There will be good and bad running days. Sometimes you will wake up feeling refreshed and energized, and other days you will be grumpy and the weather would be horrible, as if things couldn’t get any worse. Also, with writing, some days you will feel inspired and write diligently without stopping. On other days, you will feel like everything you write is crap and would want to delete the whole thing and give up from your writing career altogether. Don’t. Be aware that success is variable. After all, we are only human: it is natural to change your productivity level according to your mood or outside conditions.

  1. Schedule is important

If you know that you always run on Monday, Wednesday and Saturday, you won’t have the time to change your mind. You will make a habit of it and if would be harder not to do it. The same goes with writing: if you have a fixed writing schedule, you are much less likely to put it off indefinitely or wait for inspiration instead of “going after it with a club”.

  1. Comparing yourself to others is a bad idea

If you are running, and another runner passes you by, the worst thing you can do is to get discouraged and quit running, or try to outrun him and risk an injury. You never know where someone’s start line is, and comparing yourself with others is rarely a good idea. If a writer compares herself with great writers and becomes desperate because s/he feels s/he will never be as good, it is important to stop that line of thinking right away. Use others as a source of inspiration, and not to torture yourself. Try to be aware of your fortes just as you are aware of your flaws, and use this knowledge to improve your writing. Always be the best you you can be.

Are there some fellow runners and writers among my followers? I would love to hear your thoughts on this!

Book Review: Frida’s Bed by Slavenka Drakulic

Today I have decided to write a review of Frida’s Bed, a novel written by one of my favorite Croatian authors, Slavenka Drakulic. The literal translation of the original title (Frida ili o boli) is: Frida or ‘on pain’, which emphasizes one of the main themes of Drakulic’s novel: pain and love. And who could be a more suitable protagonist of such a novel than Frida Kahlo, a Mexican painter who, due to her extensive health problems that followed her during her whole life, was very well acquainted with pain. Consequently, Kahlo’s pain was a recurrent theme in her art. One could say that Drakulic’s novel studies the intricate relationship between pain and creativity.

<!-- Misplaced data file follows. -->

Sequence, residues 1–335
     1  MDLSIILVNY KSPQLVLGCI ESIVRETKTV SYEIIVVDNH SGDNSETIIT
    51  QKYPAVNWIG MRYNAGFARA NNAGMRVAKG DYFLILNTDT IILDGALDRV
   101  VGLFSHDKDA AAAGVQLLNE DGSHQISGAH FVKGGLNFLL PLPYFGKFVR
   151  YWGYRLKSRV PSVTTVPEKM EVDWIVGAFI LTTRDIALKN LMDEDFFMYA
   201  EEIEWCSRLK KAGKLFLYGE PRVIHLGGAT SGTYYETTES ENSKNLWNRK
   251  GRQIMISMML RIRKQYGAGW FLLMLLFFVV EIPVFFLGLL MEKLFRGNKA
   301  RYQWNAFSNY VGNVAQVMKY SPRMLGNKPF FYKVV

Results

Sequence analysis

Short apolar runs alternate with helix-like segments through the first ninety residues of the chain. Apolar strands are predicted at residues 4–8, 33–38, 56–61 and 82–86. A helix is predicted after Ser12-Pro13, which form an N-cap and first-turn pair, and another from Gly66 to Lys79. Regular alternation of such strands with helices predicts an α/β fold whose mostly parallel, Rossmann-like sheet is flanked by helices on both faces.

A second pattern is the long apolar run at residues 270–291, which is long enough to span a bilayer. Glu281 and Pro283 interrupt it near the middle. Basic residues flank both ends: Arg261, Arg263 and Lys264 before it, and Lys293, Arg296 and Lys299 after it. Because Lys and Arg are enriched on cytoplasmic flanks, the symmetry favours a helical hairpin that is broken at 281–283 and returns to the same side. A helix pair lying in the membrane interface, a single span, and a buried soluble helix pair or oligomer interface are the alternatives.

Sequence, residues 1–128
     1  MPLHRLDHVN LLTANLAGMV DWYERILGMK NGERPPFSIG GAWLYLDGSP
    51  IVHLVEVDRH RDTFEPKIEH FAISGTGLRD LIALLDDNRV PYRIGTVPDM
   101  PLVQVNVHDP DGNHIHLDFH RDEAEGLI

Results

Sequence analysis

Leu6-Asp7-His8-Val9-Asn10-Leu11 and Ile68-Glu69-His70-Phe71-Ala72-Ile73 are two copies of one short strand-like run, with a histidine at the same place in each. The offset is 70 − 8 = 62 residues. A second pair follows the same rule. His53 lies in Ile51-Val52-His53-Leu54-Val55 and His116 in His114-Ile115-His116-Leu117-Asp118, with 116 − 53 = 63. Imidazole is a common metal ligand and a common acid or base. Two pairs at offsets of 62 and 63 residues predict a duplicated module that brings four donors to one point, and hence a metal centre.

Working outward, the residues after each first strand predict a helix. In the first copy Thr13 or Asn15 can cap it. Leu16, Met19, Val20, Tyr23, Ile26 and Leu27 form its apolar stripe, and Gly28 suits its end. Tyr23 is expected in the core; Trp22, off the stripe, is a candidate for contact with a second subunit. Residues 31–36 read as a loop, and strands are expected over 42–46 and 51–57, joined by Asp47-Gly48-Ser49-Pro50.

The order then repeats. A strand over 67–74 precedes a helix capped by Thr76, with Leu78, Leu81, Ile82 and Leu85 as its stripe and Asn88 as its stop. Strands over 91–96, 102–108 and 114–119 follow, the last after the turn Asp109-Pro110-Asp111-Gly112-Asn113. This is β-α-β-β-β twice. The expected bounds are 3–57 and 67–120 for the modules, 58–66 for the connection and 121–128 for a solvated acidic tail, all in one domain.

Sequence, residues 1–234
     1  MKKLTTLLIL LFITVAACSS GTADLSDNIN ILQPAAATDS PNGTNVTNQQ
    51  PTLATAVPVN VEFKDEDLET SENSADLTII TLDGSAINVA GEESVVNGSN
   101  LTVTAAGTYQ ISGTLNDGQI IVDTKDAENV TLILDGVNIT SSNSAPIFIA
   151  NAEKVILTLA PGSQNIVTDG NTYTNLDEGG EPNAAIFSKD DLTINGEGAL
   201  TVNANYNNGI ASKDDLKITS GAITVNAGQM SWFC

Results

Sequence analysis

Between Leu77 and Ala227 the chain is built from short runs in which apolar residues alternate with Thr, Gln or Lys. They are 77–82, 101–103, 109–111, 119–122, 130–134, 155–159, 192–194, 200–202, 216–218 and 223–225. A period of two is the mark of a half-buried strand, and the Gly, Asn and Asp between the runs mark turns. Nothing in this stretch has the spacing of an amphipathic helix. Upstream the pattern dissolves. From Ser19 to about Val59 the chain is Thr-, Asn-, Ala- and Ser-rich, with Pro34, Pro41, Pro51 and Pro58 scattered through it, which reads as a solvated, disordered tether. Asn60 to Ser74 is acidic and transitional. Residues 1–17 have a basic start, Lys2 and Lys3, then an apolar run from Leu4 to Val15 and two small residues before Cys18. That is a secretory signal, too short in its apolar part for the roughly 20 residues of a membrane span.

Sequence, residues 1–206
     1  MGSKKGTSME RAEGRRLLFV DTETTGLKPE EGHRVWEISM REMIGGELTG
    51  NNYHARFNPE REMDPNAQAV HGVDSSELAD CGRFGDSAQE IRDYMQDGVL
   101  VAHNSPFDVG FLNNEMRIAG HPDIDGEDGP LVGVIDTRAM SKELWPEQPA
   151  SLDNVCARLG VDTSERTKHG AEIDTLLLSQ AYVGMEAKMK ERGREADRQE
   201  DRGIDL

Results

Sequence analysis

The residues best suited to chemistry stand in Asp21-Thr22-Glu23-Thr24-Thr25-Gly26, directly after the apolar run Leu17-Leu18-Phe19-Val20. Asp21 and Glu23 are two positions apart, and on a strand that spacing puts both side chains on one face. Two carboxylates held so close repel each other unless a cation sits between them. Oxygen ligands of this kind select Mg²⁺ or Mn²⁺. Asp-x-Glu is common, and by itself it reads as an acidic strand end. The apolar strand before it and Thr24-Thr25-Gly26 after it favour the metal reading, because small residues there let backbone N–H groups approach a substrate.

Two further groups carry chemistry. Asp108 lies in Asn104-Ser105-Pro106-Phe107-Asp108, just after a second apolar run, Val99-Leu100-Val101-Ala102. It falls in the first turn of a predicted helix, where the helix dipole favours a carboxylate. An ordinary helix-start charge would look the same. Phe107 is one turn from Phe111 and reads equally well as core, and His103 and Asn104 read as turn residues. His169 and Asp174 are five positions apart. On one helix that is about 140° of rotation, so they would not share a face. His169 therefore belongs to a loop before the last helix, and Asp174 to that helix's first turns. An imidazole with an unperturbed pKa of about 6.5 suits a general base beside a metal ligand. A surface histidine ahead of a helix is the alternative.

The novel begins at Frida’s childhood and tells the story how she was stricken with polio, and how she had to deal with a lifetime of physical and psychological pain as a consequence. The author manages to write about suffering in such an elaborate, and yet raw prose, that it is transformed into something beautiful and pure, something that enriches one’s life instead of debilitating it. There are some artists whose art is a mere intellectualism, a game, an experiment: on the other hand, Frida’s art is extremely personal and her emotions can be considered to be a driving force behind her painting.

Despite all the suffering she endures, Frida’s story can also be seen as an inspiration for all those who suffer from chronic condition, to encourage them to rise above a life full of pain and to try and participate in life as actively as possible instead. Without her illness, Frida would not have become an artist she eventually came to be. However, Drakulic not only shows us Frida as the famous artist, but she also offers us an intimate portrait of the women behind the artist. The style is simple and pure, but also poetic without being melodramatic, which couldn’t have been easy to achieve considering the chosen subject.

Drakulic’s collage-style composition works very well and creates a mesmerising effect on the reader. The author has clearly done her research on the life and work of Frida Khalo, however, she also offers us her own perception of what it might have been like to be Frida, resulting not only in a historically accurate but also emotionally compelling novel.

The takeaway? Creating art, or writing, can be an excellent way to relieve physical, or emotional pain and to escape from the prison of bodily limitations.

All in all, this book was a delightful read and I highly recommend it.